This course covers fundamental topics in software engineering, with an emphasis on object-oriented design using the Unified Modeling Language (UML). The core topics are:
The course also covers some advanced topics, such as:
The course outcomes are (copied from the official course description):
The project involves a database. Therefore, in addition to the official prerequisites, I recommend that all students have knowledge of databases, from taking CSE 305 or equivalent experience.
You need a book on UML. You should bring it to class every day during roughly the first half of the semester. The book will be very useful during in-class exercises, the open-book exam, and your project team meetings. There are some decent on-line UML resources, such as Allen Holub's UML Quick Reference and OMG's UML Resource Page, but they are useful as supplements, not substitutes, for a good textbook. I evaluated about a dozen books on UML and recommend that you get one of the following (you do not need both):
Simon Bennett, John Skelton, and Ken Lunn, Schaum's Outline of UML, 2nd edition, McGraw-Hill, 2004. This book has thorough coverage of UML and abundant examples. Unfortunately, it is out of print in the U.S., so the bookstore cannot stock it. Inexpensive used copies are usually available, e.g., on Amazon. A copy is on 2-hour reserve in the Science and Engineering Library.
Russ Miles and Kim Hamilton, Learning UML 2.0, O'Reilly Media, 2006. This is a reasonably priced book with thorough coverage of UML. It uses a blog management system as a running example. New and used copies are available, e.g., on Amazon. Do not buy an electronic edition (e-book)! The exam is open book, and electronic devices are prohibited; see the exam guidelines for details.
In addition to a UML book, you should read: Scott W. Ambler. Mapping Objects to Relational Databases: O/R Mapping In Detail.
For topics other than UML, the lecture notes (which will be posted on Blackboard after each lecture) are probably sufficient, but you can refer to almost any software engineering textbook for additional information, if you like. The library has numerous software engineering textbooks; well-known ones include Shari Lawrence Pfleeger, Software Engineering: Theory and Practice, which is on 2-hour reserve, and Ian Sommerville, Software Engineering.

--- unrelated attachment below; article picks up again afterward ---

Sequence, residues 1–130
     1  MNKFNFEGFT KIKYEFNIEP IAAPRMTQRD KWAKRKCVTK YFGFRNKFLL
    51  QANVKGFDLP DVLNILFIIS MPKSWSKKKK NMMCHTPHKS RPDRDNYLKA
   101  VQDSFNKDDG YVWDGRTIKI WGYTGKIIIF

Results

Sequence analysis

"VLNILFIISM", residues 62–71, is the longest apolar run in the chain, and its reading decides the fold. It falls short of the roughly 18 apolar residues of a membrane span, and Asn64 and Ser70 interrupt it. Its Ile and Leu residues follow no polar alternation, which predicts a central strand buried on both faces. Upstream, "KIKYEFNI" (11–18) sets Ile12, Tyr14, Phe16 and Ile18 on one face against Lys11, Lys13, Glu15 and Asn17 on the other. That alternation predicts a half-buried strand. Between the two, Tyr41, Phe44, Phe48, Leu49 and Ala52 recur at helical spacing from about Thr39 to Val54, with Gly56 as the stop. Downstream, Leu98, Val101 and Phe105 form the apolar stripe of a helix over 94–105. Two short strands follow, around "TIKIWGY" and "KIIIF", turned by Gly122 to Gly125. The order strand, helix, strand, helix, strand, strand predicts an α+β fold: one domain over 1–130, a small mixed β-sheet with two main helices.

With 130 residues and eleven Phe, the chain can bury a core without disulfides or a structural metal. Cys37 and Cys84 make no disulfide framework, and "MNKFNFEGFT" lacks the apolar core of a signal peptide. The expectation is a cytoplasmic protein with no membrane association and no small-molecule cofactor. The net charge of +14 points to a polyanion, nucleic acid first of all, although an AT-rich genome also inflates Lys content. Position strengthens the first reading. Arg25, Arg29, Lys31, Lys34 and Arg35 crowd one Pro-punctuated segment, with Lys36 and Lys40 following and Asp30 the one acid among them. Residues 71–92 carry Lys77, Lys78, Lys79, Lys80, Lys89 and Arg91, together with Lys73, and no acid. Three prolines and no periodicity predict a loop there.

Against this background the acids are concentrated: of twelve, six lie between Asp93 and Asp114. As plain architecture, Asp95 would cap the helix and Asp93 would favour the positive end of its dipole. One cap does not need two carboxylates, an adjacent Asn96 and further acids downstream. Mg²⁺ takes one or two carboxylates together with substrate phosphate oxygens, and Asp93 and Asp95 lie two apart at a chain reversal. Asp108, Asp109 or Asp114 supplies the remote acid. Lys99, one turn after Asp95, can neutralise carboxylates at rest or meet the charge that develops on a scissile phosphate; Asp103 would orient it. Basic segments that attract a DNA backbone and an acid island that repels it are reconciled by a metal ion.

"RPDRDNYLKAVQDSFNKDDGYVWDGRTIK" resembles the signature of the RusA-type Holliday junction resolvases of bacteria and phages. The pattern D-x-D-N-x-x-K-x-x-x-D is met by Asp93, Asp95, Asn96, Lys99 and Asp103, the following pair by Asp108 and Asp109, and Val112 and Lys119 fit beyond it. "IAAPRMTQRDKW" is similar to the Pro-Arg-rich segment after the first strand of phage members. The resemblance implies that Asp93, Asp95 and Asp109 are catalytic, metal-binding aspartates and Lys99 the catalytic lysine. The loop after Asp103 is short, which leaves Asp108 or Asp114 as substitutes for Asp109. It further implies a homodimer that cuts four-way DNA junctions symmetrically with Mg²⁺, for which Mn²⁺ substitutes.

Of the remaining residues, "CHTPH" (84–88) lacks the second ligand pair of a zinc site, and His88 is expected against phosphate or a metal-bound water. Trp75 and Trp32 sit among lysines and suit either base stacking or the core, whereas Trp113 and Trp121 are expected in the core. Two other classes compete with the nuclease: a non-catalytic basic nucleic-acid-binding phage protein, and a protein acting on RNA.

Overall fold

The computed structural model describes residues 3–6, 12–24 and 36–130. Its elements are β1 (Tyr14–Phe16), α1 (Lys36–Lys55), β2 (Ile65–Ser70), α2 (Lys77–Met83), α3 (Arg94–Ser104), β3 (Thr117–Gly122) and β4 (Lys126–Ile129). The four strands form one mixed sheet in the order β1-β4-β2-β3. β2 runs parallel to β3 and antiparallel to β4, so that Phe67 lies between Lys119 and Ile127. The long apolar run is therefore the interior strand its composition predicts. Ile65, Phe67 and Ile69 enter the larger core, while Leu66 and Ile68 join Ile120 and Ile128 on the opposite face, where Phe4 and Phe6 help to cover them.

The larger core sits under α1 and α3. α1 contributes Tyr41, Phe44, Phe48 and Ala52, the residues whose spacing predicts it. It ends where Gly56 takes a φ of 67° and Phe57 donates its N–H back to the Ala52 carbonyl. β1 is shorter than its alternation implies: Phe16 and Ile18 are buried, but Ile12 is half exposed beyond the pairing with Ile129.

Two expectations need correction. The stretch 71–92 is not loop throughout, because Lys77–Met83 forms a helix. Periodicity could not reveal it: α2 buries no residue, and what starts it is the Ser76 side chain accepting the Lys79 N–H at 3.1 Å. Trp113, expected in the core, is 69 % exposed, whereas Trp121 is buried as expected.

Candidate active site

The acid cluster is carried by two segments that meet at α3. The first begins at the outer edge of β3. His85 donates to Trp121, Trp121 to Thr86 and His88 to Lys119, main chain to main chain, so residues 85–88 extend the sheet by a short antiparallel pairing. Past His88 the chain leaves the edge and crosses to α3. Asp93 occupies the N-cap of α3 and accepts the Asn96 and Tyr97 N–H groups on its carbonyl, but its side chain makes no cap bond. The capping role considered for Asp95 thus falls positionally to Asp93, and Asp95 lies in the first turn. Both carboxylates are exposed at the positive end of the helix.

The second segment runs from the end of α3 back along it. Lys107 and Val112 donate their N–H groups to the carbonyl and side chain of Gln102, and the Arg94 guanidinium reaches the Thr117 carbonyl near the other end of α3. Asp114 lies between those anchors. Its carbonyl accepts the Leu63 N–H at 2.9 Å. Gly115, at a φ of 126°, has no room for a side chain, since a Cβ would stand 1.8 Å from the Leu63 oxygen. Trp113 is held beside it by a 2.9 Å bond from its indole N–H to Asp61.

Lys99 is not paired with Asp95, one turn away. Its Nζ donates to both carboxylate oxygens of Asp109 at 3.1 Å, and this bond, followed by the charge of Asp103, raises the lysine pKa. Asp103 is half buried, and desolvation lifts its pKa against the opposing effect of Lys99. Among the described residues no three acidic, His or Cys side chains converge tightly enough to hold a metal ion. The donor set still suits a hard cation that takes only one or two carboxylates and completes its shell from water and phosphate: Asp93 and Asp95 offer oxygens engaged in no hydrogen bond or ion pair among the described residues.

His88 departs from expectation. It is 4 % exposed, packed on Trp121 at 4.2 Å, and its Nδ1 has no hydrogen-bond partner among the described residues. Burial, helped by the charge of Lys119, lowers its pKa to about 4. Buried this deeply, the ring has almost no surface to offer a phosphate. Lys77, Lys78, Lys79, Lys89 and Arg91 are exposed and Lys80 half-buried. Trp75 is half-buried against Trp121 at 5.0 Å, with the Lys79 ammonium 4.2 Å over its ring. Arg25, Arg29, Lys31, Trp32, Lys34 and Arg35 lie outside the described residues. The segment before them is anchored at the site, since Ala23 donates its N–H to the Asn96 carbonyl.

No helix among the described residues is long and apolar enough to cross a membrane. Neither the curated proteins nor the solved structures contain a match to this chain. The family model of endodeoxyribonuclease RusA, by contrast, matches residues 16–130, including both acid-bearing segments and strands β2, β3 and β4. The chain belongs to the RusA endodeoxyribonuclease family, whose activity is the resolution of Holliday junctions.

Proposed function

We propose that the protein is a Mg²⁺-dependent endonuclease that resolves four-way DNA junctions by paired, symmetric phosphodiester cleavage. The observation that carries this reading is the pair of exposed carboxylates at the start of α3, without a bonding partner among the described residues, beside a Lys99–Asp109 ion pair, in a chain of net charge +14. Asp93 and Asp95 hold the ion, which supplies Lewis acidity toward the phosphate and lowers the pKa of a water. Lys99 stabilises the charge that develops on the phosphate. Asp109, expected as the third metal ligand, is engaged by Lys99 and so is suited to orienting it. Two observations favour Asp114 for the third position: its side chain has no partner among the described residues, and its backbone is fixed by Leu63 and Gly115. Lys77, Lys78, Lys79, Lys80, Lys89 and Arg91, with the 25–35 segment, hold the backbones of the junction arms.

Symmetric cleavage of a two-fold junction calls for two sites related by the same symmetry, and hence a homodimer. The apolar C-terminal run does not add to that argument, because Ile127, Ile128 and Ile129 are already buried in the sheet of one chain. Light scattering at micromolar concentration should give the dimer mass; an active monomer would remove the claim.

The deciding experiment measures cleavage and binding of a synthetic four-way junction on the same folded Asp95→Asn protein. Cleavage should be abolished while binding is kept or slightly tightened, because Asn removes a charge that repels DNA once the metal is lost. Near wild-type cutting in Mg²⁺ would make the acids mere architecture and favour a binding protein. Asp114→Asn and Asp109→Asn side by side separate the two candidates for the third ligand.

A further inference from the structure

Assignments and course documents are posted in Blackboard.
Section 1: Tue and Thu, 1pm-2:20pm, Frey Hall 105.
Instructor's Office Hours: Tue and Thu, 10am-11:30am, in Computer Science 1429. Also by appointment, and whenever I am in my office and not unusually busy.
TA's Office Hours: Mon and Wed, 11am-12pm, in Computer Science 2110.
Submission of Assignments. All assignments except team formation (hw1-team) and team evaluations must be submitted in two ways (yes, both): (1) Submit a printout of the specified material in class on the due date, and (2) Submit an electronic version of the specified material on Blackboard by 11:59pm on the due date, using the appropriate "View/Complete Assignment" link. The printout can also be submitted at the instructor's office (slide it under my door if I am not there) by the end of class on the due date. Any team member can submit the electronic version on Blackboard, but please coordinate so that exactly one team member submits it. If the printout or the electronic version is submitted late, then the assignment is considered to be submitted late, and a lateness penalty may apply. The first page of every printout should contain the team name, section number, and names of all team members. The name of every file uploaded to Blackboard should contain the team name and assignment name (e.g., Dream-Team-hw5.zip). We need the printout for grading (we write comments on it); a team that does not submit a printout does not get a grade for the assignment. We need the electronic submission so that we still have a copy of the team's work after we return the graded printout.